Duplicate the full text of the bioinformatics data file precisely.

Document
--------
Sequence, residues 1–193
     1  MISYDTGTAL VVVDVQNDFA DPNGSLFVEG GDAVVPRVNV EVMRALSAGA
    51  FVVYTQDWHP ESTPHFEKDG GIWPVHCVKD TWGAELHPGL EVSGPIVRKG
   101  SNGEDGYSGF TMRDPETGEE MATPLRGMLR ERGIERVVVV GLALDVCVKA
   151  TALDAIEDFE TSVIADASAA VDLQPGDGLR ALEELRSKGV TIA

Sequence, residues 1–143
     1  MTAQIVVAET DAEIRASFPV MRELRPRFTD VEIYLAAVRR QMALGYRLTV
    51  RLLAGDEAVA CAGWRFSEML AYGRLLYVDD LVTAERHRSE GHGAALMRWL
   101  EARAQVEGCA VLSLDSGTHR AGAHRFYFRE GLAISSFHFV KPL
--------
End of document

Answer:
Sequence, residues 1–193
     1  MISYDTGTAL VVVDVQNDFA DPNGSLFVEG GDAVVPRVNV EVMRALSAGA
    51  FVVYTQDWHP ESTPHFEKDG GIWPVHCVKD TWGAELHPGL EVSGPIVRKG
   101  SNGEDGYSGF TMRDPETGEE MATPLRGMLR ERGIERVVVV GLALDVCVKA
   151  TALDAIEDFE TSVIADASAA VDLQPGDGLR ALEELRSKGV TIA

Sequence, residues 1–143
     1  MTAQIVVAET DAEIRASFPV MRELRPRFTD VEIYLAAVRR QMALGYRLTV
    51  RLLAGDEAVA CAGWRFSEML AYGRLLYVDD LVTAERHRSE GHGAALMRWL
   101  EARAQVEGCA VLSLDSGTHR AGAHRFYFRE GLAISSFHFV KPL